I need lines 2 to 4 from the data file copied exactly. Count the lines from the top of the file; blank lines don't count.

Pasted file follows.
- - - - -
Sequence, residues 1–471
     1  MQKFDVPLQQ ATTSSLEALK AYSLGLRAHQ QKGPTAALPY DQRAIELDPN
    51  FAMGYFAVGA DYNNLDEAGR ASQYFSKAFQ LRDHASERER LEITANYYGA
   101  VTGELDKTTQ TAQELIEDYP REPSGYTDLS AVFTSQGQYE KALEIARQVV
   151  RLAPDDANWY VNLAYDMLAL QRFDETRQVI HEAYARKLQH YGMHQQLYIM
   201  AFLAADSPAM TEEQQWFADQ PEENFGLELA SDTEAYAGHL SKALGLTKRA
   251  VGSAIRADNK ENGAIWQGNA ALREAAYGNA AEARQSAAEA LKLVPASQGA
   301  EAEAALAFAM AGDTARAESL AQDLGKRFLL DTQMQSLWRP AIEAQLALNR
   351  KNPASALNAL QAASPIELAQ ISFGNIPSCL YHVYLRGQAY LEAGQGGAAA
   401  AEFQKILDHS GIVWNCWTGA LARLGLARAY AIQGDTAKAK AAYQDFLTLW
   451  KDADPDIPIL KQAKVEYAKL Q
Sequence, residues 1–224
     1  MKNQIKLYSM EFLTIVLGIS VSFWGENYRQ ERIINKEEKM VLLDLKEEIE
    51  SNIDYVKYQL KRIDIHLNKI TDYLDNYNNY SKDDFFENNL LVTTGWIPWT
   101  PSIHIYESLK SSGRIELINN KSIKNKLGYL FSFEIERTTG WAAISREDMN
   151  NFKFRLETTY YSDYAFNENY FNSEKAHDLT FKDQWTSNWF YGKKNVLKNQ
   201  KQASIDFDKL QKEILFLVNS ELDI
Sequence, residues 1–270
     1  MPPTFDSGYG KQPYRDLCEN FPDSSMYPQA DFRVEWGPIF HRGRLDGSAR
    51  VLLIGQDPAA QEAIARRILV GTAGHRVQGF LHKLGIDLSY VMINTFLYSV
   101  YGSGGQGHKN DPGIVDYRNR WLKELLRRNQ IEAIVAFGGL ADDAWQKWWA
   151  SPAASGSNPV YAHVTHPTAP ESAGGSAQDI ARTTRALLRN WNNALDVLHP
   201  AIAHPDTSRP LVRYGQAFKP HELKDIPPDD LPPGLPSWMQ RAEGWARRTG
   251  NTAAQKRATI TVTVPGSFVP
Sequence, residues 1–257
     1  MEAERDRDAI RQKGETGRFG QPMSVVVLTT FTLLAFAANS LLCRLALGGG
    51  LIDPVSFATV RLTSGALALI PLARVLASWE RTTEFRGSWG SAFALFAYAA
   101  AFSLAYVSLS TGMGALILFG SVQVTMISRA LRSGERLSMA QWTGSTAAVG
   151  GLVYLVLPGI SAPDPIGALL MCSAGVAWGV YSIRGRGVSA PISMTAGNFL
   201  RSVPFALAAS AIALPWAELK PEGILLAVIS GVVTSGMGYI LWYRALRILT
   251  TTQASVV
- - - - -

     1  MQKFDVPLQQ ATTSSLEALK AYSLGLRAHQ QKGPTAALPY DQRAIELDPN
    51  FAMGYFAVGA DYNNLDEAGR ASQYFSKAFQ LRDHASERER LEITANYYGA
   101  VTGELDKTTQ TAQELIEDYP REPSGYTDLS AVFTSQGQYE KALEIARQVV